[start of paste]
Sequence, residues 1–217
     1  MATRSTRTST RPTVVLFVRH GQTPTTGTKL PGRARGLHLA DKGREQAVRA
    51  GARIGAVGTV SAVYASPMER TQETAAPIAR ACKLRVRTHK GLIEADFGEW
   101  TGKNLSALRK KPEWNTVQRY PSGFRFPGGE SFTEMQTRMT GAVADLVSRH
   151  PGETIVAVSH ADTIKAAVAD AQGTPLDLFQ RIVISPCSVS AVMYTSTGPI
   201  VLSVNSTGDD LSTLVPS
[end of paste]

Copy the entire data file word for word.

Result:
Sequence, residues 1–217
     1  MATRSTRTST RPTVVLFVRH GQTPTTGTKL PGRARGLHLA DKGREQAVRA
    51  GARIGAVGTV SAVYASPMER TQETAAPIAR ACKLRVRTHK GLIEADFGEW
   101  TGKNLSALRK KPEWNTVQRY PSGFRFPGGE SFTEMQTRMT GAVADLVSRH
   151  PGETIVAVSH ADTIKAAVAD AQGTPLDLFQ RIVISPCSVS AVMYTSTGPI
   201  VLSVNSTGDD LSTLVPS